RAYMOND — The Chinook Observer has received additional details regarding the former Crisis Support Network director who allegedly took at least $47,000 of the nonprofit’s funds.

Burr, CSN’s executive director from May 2014 to October 2018, faces numerous charges relating to theft, forgery, and obtaining signatures by deception. She allegedly used at least $47,000 of CSN’s funds for personal use. CSN serves victims of domestic and sexual violence.

In Washington state, the maximum sentence for theft in the first degree is 10 years in jail, a fine of $20,000, or both. Obtaining a signature by deception and forgery can each result in up to five years in jail, a $10,000 fine, or both. Burr faces one count of theft in the first degree, 12 counts of obtaining a signature by deception and 12 counts of forgery.

Burr was arrested by Raymond Police Department on March 23. Her alleged crimes were reported on Nov. 26 by CSN Board Chair Karla Webber.

In October 2018, the CSN Board learned Burr had spent $15,000 on personal gambling by using CSN’s credit cards without authorization. She agreed to pay the money back to CSN and did so, by borrowing money from her mother, according to the RPD investigation.

Burr was asked to either resign or be fired. She submitted a letter of resignation on Oct. 30, 2018. At the time, Burr said CSN didn’t have any other reasons to be concerned about the nonprofit’s finances, according to Webber’s report. The next month, a scheduled audit of CSN revealed an additional $32,855 was stolen from CSN by Burr, according to the RPD investigation.

Aiken and Sanders Inc. regularly does CSN’s audits. In March 2018, Burr notified the company she would be taking over CSN’s finances because she fired CSN’s finance director Joy Martin for confidentiality breaches, according to the RPD investigation.

The audit revealed Burr would print off checks with no addressee, then get a board member to sign off on the check. She would then hand-write her own name on the checks, then make fake invoices for where the checks went. Of 15 checks investigated, 12 were signed off by CSN board members including Alicia Meyer, Princess Klus and Wendy Dickey, who face no allegations of wrongdoing.

The 15 checks make up $28,055 of the $32,000. The remaining money was taken through $4,800 worth of healthcare reimbursements. CSN employees are only allowed to be reimbursed for healthcare services up to $1,800 per year.

The fake check invoices list companies such as Walmart and Overstock, individuals and local organizations such as Ilwaco-based Blue Crab Graphics. The checks were all issued between March and June in 2018.

‘This is a lot to take in’

During an interview with RPD deputy Micah Ristow, Burr admitted to using CSN’s credit card for $15,000 worth of gambling.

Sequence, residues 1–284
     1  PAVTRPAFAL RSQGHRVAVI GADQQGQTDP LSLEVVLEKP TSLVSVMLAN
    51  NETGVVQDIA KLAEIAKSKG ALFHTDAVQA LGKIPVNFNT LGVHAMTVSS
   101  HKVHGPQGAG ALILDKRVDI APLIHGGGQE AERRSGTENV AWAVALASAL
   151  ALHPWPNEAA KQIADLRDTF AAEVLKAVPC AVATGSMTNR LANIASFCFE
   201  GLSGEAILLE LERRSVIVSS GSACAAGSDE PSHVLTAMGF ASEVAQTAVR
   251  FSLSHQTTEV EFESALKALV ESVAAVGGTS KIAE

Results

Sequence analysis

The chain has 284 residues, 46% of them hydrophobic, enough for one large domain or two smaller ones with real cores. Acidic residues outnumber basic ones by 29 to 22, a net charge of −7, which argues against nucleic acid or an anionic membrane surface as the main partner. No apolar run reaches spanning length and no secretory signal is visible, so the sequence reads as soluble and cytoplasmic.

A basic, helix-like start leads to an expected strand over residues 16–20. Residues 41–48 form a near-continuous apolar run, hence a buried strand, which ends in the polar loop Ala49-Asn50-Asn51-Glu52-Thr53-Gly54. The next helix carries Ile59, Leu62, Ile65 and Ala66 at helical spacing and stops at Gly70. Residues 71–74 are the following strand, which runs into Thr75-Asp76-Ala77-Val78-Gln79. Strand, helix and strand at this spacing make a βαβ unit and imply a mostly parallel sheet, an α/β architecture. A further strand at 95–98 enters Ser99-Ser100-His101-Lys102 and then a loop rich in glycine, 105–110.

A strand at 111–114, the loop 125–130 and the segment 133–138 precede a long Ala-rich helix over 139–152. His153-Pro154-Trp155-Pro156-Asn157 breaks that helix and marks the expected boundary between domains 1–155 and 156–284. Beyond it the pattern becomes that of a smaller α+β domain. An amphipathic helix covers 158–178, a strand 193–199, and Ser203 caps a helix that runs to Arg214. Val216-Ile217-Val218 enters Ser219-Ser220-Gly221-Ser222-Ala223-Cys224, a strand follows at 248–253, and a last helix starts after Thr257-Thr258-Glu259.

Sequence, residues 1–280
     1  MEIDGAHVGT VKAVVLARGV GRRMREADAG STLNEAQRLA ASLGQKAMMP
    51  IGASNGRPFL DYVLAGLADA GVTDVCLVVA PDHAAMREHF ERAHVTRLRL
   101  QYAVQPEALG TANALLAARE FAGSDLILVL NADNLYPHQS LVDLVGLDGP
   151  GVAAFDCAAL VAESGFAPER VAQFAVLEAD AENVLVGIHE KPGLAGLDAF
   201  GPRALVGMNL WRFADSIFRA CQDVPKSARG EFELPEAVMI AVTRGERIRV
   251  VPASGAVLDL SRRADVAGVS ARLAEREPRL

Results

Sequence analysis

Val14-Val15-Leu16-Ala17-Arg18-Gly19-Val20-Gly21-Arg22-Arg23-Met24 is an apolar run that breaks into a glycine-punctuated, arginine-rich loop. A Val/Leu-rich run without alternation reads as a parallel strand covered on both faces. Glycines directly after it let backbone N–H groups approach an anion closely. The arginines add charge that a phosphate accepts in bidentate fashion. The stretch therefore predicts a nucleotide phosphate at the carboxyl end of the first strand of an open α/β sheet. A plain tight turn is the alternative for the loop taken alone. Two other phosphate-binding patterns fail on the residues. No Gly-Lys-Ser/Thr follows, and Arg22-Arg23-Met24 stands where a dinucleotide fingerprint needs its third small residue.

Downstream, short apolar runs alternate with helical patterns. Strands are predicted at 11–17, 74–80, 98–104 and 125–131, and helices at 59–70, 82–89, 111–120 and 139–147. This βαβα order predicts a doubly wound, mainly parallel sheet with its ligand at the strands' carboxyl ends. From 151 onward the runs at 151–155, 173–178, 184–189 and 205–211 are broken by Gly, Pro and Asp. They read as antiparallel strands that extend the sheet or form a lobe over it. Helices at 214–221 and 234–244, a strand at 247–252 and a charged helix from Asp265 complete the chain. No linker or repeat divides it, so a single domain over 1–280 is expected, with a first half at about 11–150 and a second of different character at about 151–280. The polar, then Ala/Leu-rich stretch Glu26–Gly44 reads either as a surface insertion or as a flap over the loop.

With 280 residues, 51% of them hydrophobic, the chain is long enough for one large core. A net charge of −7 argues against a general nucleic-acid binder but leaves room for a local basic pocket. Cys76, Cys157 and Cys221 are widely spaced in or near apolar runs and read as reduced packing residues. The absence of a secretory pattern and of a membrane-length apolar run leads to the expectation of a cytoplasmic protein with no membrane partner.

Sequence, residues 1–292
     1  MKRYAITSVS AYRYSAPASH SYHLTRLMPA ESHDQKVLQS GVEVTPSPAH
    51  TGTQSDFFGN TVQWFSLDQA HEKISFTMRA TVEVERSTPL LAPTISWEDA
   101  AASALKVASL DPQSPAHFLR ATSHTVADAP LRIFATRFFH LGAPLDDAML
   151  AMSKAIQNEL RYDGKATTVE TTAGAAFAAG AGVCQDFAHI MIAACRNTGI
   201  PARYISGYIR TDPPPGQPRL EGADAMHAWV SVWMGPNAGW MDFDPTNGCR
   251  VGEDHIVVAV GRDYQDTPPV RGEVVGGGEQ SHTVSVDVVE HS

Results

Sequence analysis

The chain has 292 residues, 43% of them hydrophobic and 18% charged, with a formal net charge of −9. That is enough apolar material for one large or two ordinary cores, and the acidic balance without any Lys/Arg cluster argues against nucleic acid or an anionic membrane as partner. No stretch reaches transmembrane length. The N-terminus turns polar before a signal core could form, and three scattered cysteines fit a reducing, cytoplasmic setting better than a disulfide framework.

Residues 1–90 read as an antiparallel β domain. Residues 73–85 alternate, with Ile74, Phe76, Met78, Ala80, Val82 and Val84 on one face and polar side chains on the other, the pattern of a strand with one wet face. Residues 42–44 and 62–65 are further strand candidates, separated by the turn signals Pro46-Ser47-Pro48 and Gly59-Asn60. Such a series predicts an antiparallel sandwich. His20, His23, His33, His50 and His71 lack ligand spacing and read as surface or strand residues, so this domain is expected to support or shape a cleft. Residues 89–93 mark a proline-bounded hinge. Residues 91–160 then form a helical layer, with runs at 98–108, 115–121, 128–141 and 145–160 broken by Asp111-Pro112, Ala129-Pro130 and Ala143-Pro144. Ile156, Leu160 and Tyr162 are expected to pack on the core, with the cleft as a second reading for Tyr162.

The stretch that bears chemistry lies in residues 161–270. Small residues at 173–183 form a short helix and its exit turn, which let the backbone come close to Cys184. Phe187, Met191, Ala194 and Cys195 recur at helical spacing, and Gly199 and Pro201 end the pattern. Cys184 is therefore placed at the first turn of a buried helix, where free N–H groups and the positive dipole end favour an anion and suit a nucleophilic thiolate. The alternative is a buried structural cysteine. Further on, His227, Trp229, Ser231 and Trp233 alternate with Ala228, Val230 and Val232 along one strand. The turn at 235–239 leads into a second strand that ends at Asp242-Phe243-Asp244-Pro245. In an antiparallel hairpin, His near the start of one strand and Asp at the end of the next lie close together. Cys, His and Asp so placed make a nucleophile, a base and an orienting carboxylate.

Since her resignation, Burr had started seeking treatment at Balanced Perspectives Counseling in Tumwater, according to the interview.

As the interview went on, Burr said she was going to be accountable and was willing to provide a written statement. However, she later changed her mind and didn’t provide a statement, according to the RPD report.

During the interview, she didn’t admit to taking the additional $32,000 from CSN.

“Burr said this is quite a haze and is hard for her to even accept,” Ristow said in his report. “She said she is still working on that with her counselor [and] it has been difficult to accept that she even got herself into this situation.”

When explaining why she used CSN’s funds for personal use, Burr said she has always had an addictive personality and tried to use it for good but stress got to her, according to the report.

“She took a deep breath and exhaled, was quiet for about 10 seconds, then said ‘That’s a little overwhelming… This is a lot to take in,’” Ristow said in his report.

When asked about the $32,000 in checks written out to Burr and the health reimbursements, Burr had trouble remembering the details of the checks and reimbursements, according to the report.

“I asked about any other checks than HRA,” reads Ristow’s report. “She said ‘Honestly, that’s a haze. There could have been.’”

Before being booked into jail, Burr asked if she could smoke a cigarette and call her sister, which was allowed. On March 27, Burr was released on a $10,000 bond. Her case is being handled by Lewis County Prosecutor Jonathan Meyer.

Alyssa Evans is a staff writer for the Chinook Observer. Contact her at 360-642-8181 or aevans@chinookobserver.com

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